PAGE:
Search This Blog

Saturday, 30 April 2011

Metal windows in preparation

This is the west side of the tower, showing the three windows de-glazed, de-scaled and now primed.

This close-up of window number one shows the delicacy of the ironwork - and that of the window on the other side of the tower.

Inside the tower as window work proceeds. The window at the north end is being stripped of old putty and paint. Sunlight floods in from the west.
Posted by Picasa

Wednesday, 27 April 2011

De-glazing the windows

Former work colleague Peter Bennett, looking like something out of Star Wars is preparing the first of the seven cast iron window frames with the help of Trelawny's splendid needle gun. Peter has travelled from his home in Devon to help with this tedious, dusty but important job.

The centre window on the west side of the tower, de-glazed and awaiting needle-gunning. The slender profile of the window frames can be seen.

Here is the west side of the tower. All windows now without glass and the one on the right almost ready for a coat of primer paint.

Note the levelled ground which will enable us to wheel the scaffolding tower from window to window.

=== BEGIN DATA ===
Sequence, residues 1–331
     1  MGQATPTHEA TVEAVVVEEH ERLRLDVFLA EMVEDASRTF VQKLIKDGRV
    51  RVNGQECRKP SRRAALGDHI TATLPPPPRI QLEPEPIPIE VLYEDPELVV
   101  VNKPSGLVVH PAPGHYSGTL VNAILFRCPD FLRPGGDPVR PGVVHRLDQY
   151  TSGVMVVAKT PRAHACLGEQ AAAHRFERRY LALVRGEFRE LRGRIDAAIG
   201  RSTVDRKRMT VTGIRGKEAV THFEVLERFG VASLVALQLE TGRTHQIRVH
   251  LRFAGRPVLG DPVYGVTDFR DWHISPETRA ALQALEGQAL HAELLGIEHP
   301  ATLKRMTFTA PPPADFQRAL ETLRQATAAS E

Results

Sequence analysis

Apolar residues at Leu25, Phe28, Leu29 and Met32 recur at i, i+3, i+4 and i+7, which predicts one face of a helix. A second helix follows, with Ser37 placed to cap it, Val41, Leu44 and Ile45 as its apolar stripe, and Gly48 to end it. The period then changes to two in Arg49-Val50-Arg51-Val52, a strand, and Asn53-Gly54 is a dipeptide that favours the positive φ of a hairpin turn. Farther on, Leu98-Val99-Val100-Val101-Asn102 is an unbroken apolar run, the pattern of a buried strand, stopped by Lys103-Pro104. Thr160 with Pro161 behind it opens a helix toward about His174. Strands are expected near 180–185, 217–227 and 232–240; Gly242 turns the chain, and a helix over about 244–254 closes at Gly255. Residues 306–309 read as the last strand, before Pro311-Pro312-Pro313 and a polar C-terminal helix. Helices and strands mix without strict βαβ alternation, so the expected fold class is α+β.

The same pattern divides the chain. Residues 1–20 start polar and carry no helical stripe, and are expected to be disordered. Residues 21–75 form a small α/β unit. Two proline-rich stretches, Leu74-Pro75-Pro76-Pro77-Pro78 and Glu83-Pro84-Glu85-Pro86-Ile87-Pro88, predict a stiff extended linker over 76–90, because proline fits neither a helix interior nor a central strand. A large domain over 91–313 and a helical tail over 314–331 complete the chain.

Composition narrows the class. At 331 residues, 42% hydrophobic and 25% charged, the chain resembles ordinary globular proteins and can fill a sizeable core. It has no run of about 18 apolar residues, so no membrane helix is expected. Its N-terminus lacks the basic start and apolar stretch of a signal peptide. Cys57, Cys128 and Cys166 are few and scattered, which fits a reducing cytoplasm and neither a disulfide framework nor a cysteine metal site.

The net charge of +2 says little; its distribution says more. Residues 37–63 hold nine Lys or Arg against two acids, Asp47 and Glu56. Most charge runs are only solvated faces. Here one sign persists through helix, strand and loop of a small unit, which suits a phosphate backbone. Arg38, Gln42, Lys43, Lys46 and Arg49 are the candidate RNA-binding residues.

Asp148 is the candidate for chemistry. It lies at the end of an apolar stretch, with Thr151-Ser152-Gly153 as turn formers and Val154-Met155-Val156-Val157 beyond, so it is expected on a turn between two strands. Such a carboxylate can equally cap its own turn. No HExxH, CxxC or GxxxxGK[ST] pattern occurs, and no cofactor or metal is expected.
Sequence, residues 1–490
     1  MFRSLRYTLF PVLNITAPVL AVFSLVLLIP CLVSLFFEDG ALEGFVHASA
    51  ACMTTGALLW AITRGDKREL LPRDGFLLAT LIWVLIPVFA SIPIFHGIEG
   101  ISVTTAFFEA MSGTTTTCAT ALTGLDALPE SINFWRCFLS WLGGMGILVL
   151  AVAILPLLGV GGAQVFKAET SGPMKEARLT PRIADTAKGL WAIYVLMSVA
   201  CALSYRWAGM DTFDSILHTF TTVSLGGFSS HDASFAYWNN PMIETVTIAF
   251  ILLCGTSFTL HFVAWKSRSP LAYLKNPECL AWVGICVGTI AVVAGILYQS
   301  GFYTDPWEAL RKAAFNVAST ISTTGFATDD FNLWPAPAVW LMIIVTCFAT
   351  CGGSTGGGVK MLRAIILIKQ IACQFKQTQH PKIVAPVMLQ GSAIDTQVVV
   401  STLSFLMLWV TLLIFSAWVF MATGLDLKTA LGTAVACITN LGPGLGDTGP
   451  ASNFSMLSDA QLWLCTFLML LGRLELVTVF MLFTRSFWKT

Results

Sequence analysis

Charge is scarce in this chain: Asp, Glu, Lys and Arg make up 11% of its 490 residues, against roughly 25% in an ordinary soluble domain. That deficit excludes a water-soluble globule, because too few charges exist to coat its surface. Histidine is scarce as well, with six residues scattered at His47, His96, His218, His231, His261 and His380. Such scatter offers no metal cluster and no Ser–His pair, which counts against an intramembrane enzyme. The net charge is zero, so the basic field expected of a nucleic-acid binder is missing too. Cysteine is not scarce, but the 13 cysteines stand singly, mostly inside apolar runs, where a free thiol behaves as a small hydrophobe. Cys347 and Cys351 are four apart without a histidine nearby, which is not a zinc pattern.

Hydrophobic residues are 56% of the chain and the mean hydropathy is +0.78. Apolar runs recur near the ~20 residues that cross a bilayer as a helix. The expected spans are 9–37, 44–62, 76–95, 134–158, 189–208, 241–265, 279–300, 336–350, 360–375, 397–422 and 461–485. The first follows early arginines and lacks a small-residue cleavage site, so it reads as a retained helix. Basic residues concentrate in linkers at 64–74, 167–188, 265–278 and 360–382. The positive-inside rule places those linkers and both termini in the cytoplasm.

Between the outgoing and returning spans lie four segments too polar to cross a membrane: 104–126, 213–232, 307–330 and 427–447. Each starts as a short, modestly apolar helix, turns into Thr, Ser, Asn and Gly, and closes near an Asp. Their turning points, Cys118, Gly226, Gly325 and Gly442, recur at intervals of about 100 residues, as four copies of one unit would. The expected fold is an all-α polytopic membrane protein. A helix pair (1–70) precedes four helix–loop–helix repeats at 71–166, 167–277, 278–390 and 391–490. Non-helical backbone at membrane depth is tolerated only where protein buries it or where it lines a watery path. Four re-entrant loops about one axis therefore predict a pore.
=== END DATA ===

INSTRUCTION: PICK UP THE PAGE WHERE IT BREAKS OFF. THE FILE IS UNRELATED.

Posted by Picasa

Friday, 22 April 2011

Dig this

The full depth of the east or rear wall of the tower is now exposed to the air with the removal of accumulated topsoil and general debris. Also exposed, bottom left, is a large earthenwear drain - possibly the drain that served the tank's overflow pipe.

On the west side of the tower the foundations of a small building were exposed - possibly a coal merchant's hut or office. Whatever it was, there are no signs of it having been physically connected to the tower itself.

At the south west corner there is another massive drain (behind the iron plate) around which was a very fine cobbled area.

Digger men Ben (left) and Chris. They and their machines removed 200 tonnes of soil and loose material in order to get down to solid ground around the edges of the tower. Up to nine courses of stone had become buried over the years. It has also become evident that the floor inside the tower is about 750mm higher than the original floor. This probably happened in 1939 when stables with a need for drainage, (see an earlier posting) were built inside the tower. The Midland Railway plans dated 1874 show the lower floor.
Posted by Picasa

Wednesday, 20 April 2011

Some top and bottom images

Here are the east and south ends of the tank, painted and restored to former glory.

This is the base of the east side being dug out to enable us to use a wheeled scaffolding tower to access, prepare and re-glaze the windows. Note the tide-mark where soil had accumulated over the lovely stonework.

The north east corner of the tower, now breathing again.

The south west corner of the tank. Re-painting has turned the final corner - and very fine it looks too.
Posted by Picasa

Monday, 18 April 2011

Buffers mystery solved

Like a scene straight out of Last of the Summer Wine. Big toys, sunshine and Yorkshire-men with flat caps. The photographer and actors prefer to remain anonymous.